My first question would be: "That's great! But what does someone with LOW blood pressure do? Are they not a likely candidate for this type of treatment?"

I'm just amazed at all the different things, like LDN, CCSVI and now apparently this blood pressure medication that are being studied and what the ramifications might be for those of us with MS.

This is why it's so urgent that we do our best to help fund research into alternative treatments. Big pharma is not going to do it unless there's a billion dollar reason.

By the way, if you haven't done so, please go vote for the Pepsi Refresh Everything idea to Establish a Non-Mainstream MS Research Institute.

Estradiol update

Yesterday I forwent (is that a word? Okay, how about skipped?) my Estradiol in a little experiment of my own to see if it had any effect on the extreme fatigue I have been suffering for four days.

Turns out I needed no nap yesterday and didn't have that weighted down, someone-pull-me-from-the-deep feeling of oppressive exhaustion I had felt for the previous 3 days.

I had to go to Walgreens to pick up a few things and asked the pharmacist what she thought. I explained that I had been on a Walgreens-filled Rx of generic version of Estradiol for a month and had no issues, but then I went to Wal-mart and got their cheaper refill (it was hard to confess this but I did) and have had the fatigue issues since.

I did mention that I also have MS so I wasn't sure if that was the issue and it was just coincidental that I started having problems on or about the same day as starting my new bottle of pills.

Her response was interesting. She said that while the active ingredient was still the same, different manufacturers use different inert ingredients so there was a possibility that I was experiencing a side effect of one of them somehow.

I think I am going to wait until Wednesday to start taking the Estradiol again. I have an urgent need to be awake and alert for the next two days and don't want to continue my experiment until sleeping all day is an option I can afford.

I am very curious to see if I just had MS fatigue from company overload that required a few days to balance back out, or if it really is the new version of the same old pill causing me issues. If so, that sucks. The pills from Wal-mart are insanely cheaper than those at Walgreens. $17 for 30 days at Walgreens vs. $10 for 90 days at Wal-mart. When you're broke and have no insurance, those kinds of things matter.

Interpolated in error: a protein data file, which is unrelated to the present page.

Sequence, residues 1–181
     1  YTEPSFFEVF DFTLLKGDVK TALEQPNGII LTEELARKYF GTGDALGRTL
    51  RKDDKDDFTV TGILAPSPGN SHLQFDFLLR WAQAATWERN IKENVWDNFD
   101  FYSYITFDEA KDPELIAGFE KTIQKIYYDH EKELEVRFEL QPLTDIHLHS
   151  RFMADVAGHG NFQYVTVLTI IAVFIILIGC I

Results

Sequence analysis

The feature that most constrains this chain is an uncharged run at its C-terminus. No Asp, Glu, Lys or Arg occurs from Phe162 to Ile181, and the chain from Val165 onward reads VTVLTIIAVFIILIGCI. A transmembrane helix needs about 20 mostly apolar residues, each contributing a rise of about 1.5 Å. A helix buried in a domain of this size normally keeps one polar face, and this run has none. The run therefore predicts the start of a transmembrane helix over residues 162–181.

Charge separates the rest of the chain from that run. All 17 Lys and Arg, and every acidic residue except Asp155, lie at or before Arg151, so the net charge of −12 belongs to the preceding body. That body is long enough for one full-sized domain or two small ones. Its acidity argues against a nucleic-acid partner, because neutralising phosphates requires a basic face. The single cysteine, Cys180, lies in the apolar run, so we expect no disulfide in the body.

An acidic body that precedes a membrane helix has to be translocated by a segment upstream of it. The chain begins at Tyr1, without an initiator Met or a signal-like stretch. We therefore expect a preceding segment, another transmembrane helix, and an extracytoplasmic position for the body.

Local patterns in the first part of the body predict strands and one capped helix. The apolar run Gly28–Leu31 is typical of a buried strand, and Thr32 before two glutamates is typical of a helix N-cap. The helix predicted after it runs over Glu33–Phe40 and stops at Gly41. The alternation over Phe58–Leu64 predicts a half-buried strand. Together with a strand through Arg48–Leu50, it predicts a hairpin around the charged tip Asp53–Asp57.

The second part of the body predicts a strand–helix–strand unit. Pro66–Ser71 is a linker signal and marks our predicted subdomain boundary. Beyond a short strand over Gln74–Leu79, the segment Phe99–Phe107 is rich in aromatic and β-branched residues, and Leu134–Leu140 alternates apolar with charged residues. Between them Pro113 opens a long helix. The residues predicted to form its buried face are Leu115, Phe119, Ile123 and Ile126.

Sunday, November 7, 2010

Vote Now to Help Fund Research for CCSVI and LDN

My friend and former neurologist, Dr. Daniel Kantor has dedicated his life to Multiple Sclerosis. He is the singular most passionate person I know who stands as an advocate for those of us with MS.

His latest venture in pushing toward finding the ultimate Holy Grail of a cure is to try and get funding for a non-mainstream research center that will explore treatment options like LDN and CCSVI.

He is SO passionate about this project that he is willing to donate his own time to see this to fruition. Quote from the project notes:

Budget Notes: The budget will not cover Dr. Kantor's salary, which will be donated pro bono by him to the project. The budget will not cover services that we are applying for from in-kind donations. The budget will not cover administrative costs, which Neurologique will donate pro bono to the project.

I, for one, cannot see a better way for Pepsi to distribute it's Refresh Everything grant money, but you might say I'm a little biased.

Please watch the video below and cast your vote now before it's too late. Funding for research that doesn't necessarily have a goal of padding big pharma's pockets is rare indeed. We MS patients have a chance to take a proactive role and cast our vote to help better our own choices tomorrow.

So please take a moment and vote today!